Preparing For Fermentation
Before we ferment, we
take a hydrometer reading. This will tell us
our original, or starting gravity of the beer.
This is a measurement of the density of the
wort, which should be much higher than water
(1.000) because of the high concentration of
malt sugars. We take a sample of the brew with
a wine thief or siphon hose that has been pre-sanitized,
and fill our test jar with the sample. We place
the hydrometer into the sample jar and give
it a quick spin to release any bubbles that
may be trapped on the bottom of the hydrometer
that could affect our reading. To properly
read the hydrometer we look at the line between
liquid and air at eye level. The bottom of
this line is where we take our reading. Our
starting gravity reads 1.048, which is right
on target for our Red Ale.
Now that our yeast has
been added, it is time to seal the fermenter.
Because we are using a 5 gallon carboy as our
primary fermenter, we will need to set up a
blow off tube. The blow off tube will allow
CO2 and foam to escape the fermenter
without letting any airborne particles in.
Our blow-off system (pictured left) uses a
sanitized rubber stopper and a sanitized 3'
length of food grade plastic tubing. The end
of the tubing is placed in a container of sanitizing
solution to create a closed system.
If we used a six gallon
carboy or bucket, a blow-off tube would not
be necessary, because a larger container would
allow enough room for the foam produced during
the early stage of fermentation. In this case,
we would close the fermenter with an airlock
(pictured below, left). The airlock is filled
halfway with sterile water or a neutral sprit
such as vodka. This allows escaping gasses
to bubble through the airlock without allowing
any unwanted airborne organisms into the fermenter.
We place our fermenter
in a cool dark place, that has a fairly constant
temperature of 60- 70 oF. If our
chosen location is not dark, we will wrap a
towel or heavy cloth around the fermenter to
prevent light from hitting the fermenter and
to provide some insulation. It is especially
important that strong light does not reach
the fermenting beer as this can affect the
flavor of the finished beer, causing what is
often called a "cardboard" taste.
12 to 24 hours later,
our beer is actively fermenting. A thick layer
of foam has formed on top of the beer- this
is called the kraeusen. Also, because we used
a glass fermenter, we can see the brew actually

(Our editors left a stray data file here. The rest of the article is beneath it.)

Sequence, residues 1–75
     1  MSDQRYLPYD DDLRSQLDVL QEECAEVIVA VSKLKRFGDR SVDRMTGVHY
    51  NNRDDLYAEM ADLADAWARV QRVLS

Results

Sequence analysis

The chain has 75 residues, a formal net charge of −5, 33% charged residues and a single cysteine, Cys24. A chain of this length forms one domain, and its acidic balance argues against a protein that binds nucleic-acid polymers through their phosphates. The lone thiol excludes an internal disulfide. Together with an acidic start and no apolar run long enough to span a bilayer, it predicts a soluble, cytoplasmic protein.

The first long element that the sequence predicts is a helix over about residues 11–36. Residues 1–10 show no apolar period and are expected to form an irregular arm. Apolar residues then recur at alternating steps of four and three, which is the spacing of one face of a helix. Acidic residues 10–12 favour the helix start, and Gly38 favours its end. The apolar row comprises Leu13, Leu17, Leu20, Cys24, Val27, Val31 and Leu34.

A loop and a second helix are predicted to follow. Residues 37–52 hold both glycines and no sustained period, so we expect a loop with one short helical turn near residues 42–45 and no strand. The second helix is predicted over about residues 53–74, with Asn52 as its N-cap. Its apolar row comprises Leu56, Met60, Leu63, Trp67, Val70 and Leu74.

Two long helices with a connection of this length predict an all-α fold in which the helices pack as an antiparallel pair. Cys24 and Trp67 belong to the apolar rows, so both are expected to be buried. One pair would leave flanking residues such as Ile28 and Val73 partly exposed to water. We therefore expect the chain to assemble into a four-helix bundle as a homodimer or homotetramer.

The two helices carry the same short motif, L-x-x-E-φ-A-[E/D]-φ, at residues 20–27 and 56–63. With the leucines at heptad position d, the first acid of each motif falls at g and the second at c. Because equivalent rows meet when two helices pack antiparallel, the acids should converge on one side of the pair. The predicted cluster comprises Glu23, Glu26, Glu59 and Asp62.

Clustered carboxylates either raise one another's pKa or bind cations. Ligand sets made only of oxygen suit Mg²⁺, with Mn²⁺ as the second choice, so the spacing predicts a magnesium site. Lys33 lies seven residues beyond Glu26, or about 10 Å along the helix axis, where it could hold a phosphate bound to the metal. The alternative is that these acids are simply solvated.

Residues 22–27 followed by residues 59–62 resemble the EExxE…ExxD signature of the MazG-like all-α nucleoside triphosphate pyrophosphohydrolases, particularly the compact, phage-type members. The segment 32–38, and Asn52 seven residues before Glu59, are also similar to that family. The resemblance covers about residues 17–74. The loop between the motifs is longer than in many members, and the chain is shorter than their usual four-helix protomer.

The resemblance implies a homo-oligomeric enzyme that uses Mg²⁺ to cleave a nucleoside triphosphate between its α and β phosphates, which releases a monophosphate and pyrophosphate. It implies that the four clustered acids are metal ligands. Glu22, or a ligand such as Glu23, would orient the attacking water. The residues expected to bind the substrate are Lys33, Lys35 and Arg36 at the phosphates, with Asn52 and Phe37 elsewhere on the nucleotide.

moving in a churning, swirling motion. It is
good that we used a blow-off tube, because
the foam is starting to get pushed out of the
fermenter. If we had used an airlock, it could
get clogged, causing a buildup of pressure
that could blow the cork out of the fermenter
or even break the glass carboy.
3 to 5 days later, the
kraeusen has all but disappeared and the fermentation
activity has slowed considerably. It is time
to transfer the beer to a secondary
fermenter. Although this step is not necessary,
it will produce a more complete fermentation,
and a beer with a cleaner taste and appearance.
We will siphon the beer into the secondary
fermenter, to prevent air from being mixed
into the beer. Siphoning is not too hard to
do once to get the hang of it- see the next
for a good trick for doing this.
After transferring we
put an airlock on the fermenter and allow the
fermentation to complete, for another 5 to
8 days. Our total fermentation time will be
8 to 14 days. We know the fermentation is complete
1. The airlock bubbles less
than once every 60 seconds.
2. We take a hydrometer
reading and it is in the range of the final gravity
for the recipe we have made (1.012 to 1.016).
The next day we take another hydrometer reading,
and it has not changed. The hydrometer reading
is lower at the end of the fermentation because
the sugar molecules (heavier than water) have
been converted to alcohol molecules (lighter
than water) and CO2, which has been
pushed out of the fermenter.
3. The beer is almost clear;
the top to thirds of the fermenter are relatively
clear, but the bottom third is still somewhat
cloudy, which is O.K.